Induction and Regulation of Contact Hypersensitivity in Syrian Hamsters

  • J. Wayne Streilein
  • Pamela Witte
  • Kim Burnham
  • Paul R. Bergstresser
Part of the Advances in Experimental Medicine and Biology book series (AEMB, volume 134)


Syrian hamsters were introduced into experimental biology more than 50 years ago when it was found that they were particularly useful for the study of certain parasitic diseases (1). Within a relatively short period of time, their usefulness as experimental subjects was extended into several seemingly unrelated fields. They came to be used extensively for the study of experimental neoplasms (2), virus infections (3), and transplantation immunology (4). After the first 20 years of experience, the hamster came to be regarded as a relatively unique experimental subject because of certain putative aberrations: 1. hamsters reject skin allografts poorly or not at all (4); 2. hamsters are unusually susceptible to induction of tumors with a variety of oncogenic agents (2); 3. hamsters are highly susceptible to infection with viruses from many different species (3). Over the last two decades immunologists have learned that rejection of allografts, resistance to viral infection, and resistance to tumor induction are properties of the immune response that are presided over by the thymus and its cellular progeny. Because of the paramount role played by the thymus-dependent system in these various immune reactivities, it seemed reasonable to question the nature and extent of thymic function in the Syrian hamster. Surprisingly little is known about the T-cell system in this species. It was discovered more than 15 years ago that the ontogenetic maturation of the thymus as studied histologically is delayed (5). Evidence in support of this idea includes the facts that: 1. induction of neonatal transplantation tolerance can be achieved in hamsters up to a week following birth (4); 2. seeding of peripheral lymphoid organs with lymphocytes labeled intrathymically is delayed following birth compared to mice and rats (6); and 3. thymectomy performed as late as four weeks after birth results in a progressive wasting syndrome in hamsters resembling that following neonatal thymectomy in mice and rats (5,7). More recently, it has been found that hamsters fail to regulate certain alloimmune reactions thought to be governed by functional subsets of T lymphocytes in mice and other species. For example, hamsters fail to suppress graft-versus-host reactions in vivo following specific alloimmunization (8), and they do not develop suppressor cells in mixed lymphocyte cultures designed to delineate a putative allogeneic T-cell suppressor (9). In response to alloimmunization in vivo or in vitro, hamster lymphoid cells fail to assume significant cytotoxic activity as measured in vitro (10). Moreover, there is evidence that hamsters fail to develop cytotoxic T cells in response to acute virus infection (11).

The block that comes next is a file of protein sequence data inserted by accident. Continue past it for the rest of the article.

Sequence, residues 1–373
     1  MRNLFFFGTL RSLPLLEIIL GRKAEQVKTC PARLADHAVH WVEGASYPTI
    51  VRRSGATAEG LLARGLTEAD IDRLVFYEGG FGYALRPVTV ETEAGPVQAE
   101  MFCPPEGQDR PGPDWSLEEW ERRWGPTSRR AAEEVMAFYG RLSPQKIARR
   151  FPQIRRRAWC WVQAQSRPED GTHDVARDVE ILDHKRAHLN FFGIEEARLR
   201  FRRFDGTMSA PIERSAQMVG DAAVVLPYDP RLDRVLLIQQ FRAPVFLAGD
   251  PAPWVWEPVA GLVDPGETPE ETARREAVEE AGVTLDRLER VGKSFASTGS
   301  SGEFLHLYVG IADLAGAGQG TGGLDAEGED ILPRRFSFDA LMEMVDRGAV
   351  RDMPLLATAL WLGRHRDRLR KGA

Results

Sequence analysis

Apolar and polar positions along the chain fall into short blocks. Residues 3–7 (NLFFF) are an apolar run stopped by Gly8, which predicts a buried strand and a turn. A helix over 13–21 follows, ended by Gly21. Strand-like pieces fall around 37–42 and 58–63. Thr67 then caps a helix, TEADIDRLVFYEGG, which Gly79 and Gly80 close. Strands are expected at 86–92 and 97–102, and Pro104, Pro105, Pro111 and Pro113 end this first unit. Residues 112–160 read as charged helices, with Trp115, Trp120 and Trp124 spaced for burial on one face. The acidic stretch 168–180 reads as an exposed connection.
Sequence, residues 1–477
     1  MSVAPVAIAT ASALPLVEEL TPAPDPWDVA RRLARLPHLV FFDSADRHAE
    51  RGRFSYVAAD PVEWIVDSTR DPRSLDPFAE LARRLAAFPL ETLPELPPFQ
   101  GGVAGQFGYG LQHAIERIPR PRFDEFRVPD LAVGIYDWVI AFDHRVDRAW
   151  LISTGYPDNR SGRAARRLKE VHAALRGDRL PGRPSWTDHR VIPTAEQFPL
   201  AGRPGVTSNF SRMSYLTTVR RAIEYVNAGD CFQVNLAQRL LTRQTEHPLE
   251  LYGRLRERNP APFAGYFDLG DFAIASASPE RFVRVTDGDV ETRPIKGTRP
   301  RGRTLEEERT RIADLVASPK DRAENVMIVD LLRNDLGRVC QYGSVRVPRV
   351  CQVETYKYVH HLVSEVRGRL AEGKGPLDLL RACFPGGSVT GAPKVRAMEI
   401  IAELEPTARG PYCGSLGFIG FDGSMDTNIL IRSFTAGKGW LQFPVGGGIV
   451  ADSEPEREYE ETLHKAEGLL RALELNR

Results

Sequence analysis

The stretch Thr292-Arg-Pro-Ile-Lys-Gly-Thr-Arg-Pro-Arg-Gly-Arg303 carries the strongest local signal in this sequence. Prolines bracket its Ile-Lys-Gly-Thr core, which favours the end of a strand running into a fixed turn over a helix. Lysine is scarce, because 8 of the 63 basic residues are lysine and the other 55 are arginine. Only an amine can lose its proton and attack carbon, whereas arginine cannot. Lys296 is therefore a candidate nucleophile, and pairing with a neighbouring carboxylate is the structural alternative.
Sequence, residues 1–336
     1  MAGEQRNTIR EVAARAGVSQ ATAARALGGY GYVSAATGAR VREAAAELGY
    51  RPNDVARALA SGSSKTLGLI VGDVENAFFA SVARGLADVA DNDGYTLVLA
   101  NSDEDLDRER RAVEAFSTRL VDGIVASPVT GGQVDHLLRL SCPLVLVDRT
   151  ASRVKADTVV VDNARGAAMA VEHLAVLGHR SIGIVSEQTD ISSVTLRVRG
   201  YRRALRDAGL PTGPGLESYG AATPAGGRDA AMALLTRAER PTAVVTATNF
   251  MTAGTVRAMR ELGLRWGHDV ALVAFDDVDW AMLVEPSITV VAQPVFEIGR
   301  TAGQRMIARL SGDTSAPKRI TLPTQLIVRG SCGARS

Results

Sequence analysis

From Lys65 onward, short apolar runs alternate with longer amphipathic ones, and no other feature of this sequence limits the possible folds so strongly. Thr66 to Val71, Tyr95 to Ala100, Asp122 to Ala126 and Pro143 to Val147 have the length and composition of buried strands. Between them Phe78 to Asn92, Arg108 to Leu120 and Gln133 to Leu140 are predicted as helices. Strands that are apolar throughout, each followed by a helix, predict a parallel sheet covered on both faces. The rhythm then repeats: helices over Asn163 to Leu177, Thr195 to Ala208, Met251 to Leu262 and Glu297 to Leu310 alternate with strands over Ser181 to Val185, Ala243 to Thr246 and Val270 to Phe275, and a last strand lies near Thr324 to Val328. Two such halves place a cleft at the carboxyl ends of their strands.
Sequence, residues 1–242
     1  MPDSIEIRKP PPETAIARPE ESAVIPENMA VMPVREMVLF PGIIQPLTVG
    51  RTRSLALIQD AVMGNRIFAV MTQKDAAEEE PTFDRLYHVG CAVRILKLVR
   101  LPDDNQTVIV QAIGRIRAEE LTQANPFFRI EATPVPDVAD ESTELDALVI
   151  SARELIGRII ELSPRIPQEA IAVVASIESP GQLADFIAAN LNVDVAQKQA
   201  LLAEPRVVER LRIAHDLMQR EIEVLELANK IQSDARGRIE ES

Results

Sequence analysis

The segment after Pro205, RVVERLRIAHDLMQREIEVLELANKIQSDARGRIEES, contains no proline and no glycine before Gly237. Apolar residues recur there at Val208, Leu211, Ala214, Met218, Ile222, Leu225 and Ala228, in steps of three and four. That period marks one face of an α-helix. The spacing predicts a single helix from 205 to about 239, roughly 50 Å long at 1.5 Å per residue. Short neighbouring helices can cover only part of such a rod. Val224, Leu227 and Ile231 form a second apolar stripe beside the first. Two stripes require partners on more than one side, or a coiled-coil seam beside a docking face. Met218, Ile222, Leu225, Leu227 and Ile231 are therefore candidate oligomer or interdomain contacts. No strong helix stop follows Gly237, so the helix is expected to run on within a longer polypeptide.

Lymphoid Cell Adoptive Transfer SYRIAN Hamster Abdominal Skin Cheek Pouch 
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Copyright information

© Plenum Press, New York 1981

Authors and Affiliations

  • J. Wayne Streilein
    • 1
  • Pamela Witte
    • 1
  • Kim Burnham
    • 1
  • Paul R. Bergstresser
    • 1
  1. 1.Departments of Cell Biology and Internal MedicineThe University of Texas Health Science Center at DallasDallasUSA

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